Sunday, April 19, 2009

The Day After Day One

I've earned my day of rest, so for today's post, I thought I'd share some unexpected highlights from yesterday's experience, good and bad.

First the bad: Performing air-sealing tasks in the attic space over the rear addition got me in direct contact with some vile grit that stained my hands (shame on me for not wearing gloves). This stuff just won't come off:

Now, a bit of background: At some point (probably in the 1970s), a previous owner of this house had stuffed the rim joists with unbacked fiberglass insulation. This measure was of limited effectiveness; I could tell because this insulation was soot-stained by air infiltration. There had been no effort to seal the gaps between the wood frame and the masonry. So I have been pulling out this insulation with the intention of bagging it in small plastic bags for re-stuffing into tight spots where I can't effectively reach (like the corners of the attic). In removing this stuff, I discovered some artifacts that had been tucked away in the space under the floor of the bay-window bump-out. This is a sturdy cardboard box, about six inches square and two inches deep. The label reads "Hochschild Kohn, Hardwater Soap, Baltimore." The box was empty, except perhaps for some mold spores.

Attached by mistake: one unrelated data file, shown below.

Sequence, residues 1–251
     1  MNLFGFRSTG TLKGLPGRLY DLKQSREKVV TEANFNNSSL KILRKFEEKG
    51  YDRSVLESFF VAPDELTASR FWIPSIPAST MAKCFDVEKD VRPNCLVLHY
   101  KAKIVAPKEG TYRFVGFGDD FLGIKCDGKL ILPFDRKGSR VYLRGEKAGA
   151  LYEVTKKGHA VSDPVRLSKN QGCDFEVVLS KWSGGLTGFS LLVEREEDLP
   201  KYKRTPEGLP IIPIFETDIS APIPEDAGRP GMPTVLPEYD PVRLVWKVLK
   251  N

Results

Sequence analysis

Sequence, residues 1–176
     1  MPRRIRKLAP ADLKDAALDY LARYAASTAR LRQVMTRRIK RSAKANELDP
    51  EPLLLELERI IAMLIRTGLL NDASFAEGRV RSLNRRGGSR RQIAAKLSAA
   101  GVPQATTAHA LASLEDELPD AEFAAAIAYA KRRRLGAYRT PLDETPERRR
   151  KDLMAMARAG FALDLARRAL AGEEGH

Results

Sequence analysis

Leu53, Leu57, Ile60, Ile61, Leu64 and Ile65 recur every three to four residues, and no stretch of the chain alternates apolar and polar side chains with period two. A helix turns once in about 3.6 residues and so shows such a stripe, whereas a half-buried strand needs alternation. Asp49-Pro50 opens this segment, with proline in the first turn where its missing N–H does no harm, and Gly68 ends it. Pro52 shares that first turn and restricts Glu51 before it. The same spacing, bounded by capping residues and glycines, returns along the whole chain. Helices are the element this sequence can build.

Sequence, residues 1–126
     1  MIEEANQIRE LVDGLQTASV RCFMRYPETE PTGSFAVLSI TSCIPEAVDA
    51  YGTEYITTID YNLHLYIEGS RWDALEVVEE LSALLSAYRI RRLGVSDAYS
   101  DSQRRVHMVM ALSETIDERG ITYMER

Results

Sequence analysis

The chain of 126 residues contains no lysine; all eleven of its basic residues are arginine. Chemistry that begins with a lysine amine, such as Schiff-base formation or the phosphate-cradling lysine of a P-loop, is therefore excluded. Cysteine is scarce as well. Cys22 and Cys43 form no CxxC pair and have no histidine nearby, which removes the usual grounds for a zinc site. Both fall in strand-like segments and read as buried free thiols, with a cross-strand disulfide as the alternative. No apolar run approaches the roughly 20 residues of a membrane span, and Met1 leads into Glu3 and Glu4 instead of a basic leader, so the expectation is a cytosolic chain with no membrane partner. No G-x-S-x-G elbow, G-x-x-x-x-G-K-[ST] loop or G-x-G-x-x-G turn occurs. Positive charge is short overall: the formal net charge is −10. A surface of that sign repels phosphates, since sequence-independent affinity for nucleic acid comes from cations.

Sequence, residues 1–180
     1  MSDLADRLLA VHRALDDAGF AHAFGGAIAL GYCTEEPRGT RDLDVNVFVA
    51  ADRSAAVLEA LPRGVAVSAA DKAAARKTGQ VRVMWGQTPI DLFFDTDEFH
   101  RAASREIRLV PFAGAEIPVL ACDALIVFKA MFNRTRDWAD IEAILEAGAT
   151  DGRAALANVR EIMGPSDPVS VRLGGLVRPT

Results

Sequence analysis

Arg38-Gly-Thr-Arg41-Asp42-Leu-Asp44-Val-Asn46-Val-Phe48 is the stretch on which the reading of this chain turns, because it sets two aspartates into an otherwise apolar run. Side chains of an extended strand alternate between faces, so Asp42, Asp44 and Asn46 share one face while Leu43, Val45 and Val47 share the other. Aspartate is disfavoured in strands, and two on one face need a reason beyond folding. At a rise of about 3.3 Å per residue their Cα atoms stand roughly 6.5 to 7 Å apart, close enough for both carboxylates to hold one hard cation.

A tad more fascinating, to me at least, was this object:

I believe this is cap from a streetcar motorman's uniform. We have the deed history to this house, so I know the name of the first owners, who were here from 1915 until about 1957. Using online U.S. census data from 1930 and before, I could track down more info about them, like occupation. Sure enough, the original man-of-the-house was listed in the 1910 census as a "streetcar motorman." During the ensuing decade, he exchanged that job for one with the phone company, got married, and took up residence in this house which was built in 1915. All of this could be gleaned from a review of the 1920 census. The motorman's cap was valuable enough to be tucked away in the basement, but not so valuable that it was remembered. Like the soap box, the cap was lost to oblivion until discovered in 2009 by an energy geek homeowner.

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